Medicaid Health Coverage for Legal Immigrants
Due to advances in Medicaid and the creation of the State Children’s Health Insurance Program (SCHIP), there was a major reduction in the number of uninsured children in the past decade. Although this is a significant health policy success, the percentage of low-income immigrant children who do not have health coverage has increased since 1996. This was when federal legislation limited the eligibility of legal immigrants for Medicaid and SCHIP only on their first five years in the United States. The difference in health insurance between citizen and immigrant children has increased significantly, and now almost half of low-income immigrant children are uninsured. This has even made it harder for immigrant children to get medical care and put their health at risk. Other adversities, such as food insecurity, have added up to these problems that immigrant children often encounter.
SCHIP reauthorization addresses these health insurance coverage disparities faced by legal immigrants. Congress has included a provision giving states the option to provide Medicaid and SCHIP coverage to legal immigrant children and pregnant women during their first five years in the USA. This proposal was supported by the many organizations and the National Governors Association (NGA).
This also created a chance to enhance health coverage for legal immigrant children and pregnant women. Bipartisan legislation that restored state government’s option to give Medicaid and SCHIP coverage to legal immigrant children and pregnant women was introduced in the House by then Representatives Lincoln Diaz-Balart and Henry Waxman and in the Senate by Senators Hillary Clinton and Olympia Snowe. This was also incorporated in other children’s health bills presented in Congress, and Senators Jay Rockefeller and Olympia Snowe included these provisions in the SCHIP reauthorization legislation.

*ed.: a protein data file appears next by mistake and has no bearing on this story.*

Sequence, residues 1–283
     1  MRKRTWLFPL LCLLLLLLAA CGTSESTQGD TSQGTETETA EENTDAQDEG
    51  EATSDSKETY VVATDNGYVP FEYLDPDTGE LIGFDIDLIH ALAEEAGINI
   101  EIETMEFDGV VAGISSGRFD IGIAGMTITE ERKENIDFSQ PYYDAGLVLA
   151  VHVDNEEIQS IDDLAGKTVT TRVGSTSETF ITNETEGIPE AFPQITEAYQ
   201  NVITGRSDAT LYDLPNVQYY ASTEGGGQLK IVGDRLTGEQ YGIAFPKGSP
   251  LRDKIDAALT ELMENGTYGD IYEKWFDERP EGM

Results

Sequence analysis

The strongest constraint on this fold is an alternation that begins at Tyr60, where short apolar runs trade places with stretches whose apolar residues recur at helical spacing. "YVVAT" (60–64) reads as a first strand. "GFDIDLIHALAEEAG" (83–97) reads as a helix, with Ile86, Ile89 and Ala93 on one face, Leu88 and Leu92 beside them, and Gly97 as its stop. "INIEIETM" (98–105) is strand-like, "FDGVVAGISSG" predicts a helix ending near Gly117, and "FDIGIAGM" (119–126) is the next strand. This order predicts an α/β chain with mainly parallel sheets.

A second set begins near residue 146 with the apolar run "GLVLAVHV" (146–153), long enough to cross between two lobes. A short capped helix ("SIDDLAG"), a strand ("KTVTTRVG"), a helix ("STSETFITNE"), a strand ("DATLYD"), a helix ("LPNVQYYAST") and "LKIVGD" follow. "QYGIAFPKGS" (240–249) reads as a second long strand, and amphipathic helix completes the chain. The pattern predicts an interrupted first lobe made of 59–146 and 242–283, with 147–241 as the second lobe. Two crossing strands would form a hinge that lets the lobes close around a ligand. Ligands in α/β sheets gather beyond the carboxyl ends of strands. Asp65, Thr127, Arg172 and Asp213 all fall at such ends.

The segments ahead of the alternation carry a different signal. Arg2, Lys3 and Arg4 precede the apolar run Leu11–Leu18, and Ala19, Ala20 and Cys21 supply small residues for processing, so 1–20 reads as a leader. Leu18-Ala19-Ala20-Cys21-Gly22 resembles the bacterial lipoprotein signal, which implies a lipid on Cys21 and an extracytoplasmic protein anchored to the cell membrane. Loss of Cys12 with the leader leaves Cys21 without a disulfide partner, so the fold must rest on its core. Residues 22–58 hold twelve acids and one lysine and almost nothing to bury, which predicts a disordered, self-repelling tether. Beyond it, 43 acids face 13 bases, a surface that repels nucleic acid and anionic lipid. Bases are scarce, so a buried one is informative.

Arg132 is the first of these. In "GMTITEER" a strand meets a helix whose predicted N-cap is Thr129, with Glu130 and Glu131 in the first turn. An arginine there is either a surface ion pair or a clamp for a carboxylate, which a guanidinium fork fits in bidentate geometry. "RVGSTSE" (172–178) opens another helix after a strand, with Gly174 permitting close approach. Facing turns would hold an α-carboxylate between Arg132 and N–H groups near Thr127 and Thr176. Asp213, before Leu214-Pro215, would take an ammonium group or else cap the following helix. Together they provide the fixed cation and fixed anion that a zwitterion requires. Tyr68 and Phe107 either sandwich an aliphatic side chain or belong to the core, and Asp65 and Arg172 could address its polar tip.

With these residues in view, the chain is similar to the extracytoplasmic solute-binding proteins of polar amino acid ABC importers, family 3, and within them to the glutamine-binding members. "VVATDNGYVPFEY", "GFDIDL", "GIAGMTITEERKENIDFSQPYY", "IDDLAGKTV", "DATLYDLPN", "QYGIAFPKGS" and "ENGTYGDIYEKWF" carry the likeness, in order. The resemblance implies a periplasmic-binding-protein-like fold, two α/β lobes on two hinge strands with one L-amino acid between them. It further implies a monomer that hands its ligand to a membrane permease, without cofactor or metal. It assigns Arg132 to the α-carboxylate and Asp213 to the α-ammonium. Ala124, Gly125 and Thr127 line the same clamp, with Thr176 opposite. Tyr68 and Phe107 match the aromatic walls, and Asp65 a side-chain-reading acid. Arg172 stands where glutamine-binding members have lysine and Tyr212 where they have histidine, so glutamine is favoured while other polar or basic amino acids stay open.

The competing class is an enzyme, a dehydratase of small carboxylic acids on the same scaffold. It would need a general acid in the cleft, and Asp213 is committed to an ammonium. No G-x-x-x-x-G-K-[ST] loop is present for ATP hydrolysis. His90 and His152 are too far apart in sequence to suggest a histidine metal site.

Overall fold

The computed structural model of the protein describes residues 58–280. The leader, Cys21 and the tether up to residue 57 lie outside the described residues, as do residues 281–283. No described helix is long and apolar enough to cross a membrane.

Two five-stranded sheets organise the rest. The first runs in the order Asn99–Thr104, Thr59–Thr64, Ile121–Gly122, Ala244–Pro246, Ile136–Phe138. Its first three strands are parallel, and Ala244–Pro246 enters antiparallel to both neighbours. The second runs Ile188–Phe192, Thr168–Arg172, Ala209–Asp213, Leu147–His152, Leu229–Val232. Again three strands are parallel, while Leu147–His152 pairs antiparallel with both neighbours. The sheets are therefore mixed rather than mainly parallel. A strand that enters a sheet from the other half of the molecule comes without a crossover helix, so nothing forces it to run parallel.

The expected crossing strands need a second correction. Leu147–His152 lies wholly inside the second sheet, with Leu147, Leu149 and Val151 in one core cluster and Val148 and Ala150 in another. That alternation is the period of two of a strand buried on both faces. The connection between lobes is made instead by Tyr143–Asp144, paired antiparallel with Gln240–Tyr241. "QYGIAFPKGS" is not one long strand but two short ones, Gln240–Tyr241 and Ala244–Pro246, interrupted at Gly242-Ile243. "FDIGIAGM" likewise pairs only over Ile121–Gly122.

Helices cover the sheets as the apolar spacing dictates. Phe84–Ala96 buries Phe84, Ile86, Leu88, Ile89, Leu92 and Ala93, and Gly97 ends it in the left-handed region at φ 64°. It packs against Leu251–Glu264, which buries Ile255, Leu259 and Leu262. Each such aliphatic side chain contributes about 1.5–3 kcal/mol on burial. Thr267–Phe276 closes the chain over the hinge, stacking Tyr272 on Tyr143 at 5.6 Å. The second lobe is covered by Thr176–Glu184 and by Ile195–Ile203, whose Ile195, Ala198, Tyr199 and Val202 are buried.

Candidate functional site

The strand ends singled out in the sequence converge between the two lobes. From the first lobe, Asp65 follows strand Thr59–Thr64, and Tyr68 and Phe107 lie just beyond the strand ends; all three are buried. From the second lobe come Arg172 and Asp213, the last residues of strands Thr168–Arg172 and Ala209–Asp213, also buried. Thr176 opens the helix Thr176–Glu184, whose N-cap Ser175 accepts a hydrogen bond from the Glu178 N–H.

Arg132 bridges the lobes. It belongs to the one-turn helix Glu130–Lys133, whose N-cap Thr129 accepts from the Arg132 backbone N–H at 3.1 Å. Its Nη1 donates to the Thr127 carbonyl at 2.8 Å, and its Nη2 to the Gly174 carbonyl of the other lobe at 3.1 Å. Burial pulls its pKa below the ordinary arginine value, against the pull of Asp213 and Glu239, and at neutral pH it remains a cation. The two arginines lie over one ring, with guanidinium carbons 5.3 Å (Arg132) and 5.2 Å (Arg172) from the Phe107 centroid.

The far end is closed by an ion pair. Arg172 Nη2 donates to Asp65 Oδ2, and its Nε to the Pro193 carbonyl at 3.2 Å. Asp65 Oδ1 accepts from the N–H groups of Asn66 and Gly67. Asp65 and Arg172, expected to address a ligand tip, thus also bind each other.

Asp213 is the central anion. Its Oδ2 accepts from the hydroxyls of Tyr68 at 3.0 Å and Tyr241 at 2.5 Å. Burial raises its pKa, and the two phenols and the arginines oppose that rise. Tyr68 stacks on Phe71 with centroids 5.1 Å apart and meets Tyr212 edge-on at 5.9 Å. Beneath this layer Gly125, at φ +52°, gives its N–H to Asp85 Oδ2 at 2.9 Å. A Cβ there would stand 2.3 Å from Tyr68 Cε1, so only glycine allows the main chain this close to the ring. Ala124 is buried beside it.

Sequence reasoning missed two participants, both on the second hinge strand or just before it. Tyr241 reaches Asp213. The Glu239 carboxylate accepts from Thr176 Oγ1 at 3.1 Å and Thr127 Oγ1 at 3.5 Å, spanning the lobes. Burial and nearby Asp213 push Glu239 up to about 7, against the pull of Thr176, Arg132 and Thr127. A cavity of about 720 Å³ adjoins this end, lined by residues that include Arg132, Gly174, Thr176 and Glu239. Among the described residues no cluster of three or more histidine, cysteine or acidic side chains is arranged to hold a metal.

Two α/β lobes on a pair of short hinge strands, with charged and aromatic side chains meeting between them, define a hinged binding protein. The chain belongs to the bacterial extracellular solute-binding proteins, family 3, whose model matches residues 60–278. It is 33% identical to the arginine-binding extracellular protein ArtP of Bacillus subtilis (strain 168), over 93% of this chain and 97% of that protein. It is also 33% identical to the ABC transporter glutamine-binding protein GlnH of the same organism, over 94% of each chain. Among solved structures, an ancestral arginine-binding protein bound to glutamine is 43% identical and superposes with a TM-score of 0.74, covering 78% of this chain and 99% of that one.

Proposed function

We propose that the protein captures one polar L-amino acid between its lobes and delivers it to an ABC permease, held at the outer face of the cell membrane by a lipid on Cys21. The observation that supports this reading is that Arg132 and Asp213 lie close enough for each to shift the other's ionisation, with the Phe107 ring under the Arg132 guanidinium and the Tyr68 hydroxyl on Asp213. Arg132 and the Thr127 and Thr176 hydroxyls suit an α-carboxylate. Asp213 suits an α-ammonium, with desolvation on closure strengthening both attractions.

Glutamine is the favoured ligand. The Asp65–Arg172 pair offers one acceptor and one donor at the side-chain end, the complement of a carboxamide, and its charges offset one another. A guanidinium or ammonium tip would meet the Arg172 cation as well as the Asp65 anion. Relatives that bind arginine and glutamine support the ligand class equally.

The SCHIP reauthorization offered a new federal funding option that helped both legal immigrants and health care providers who give uncompensated care to uninsured immigrants in states that do not cover legal immigrant children and pregnant women but have growing immigrant populations. For states that already provided Medicaid and SCHIP coverage to legal immigrant children or pregnant women the legislation gave immediate fiscal assistance. The legislation, known as The Legal Immigrant Children’s Health Improvement Act, or ICHIA improved health insurance coverage for legal immigrant children and pregnant women, and helped states financially as well.
The ICHIA was supported by the National Governors Association, the National Conference of State Legislatures, and hundreds of national and state organizations. These also included the American Academy of Pediatrics, the American College of Obstetrics and Gynecology, and the National Council of La Raza. The NGA called on the federal government to pick up its share of costs for immigrant Medicaid health coverage since the federal government arranges immigration policy.
Legal immigrant families work very hard and pay their share of taxes. Nearly all immigrant children will grow up to be U.S. citizens. The ICHIA was passed at a time when there was much interest in greatly reducing the number of uninsured children and improving health care and coverage given to them. Efforts to widen coverage to this group of children and pregnant women merited a lot of consideration from legislators.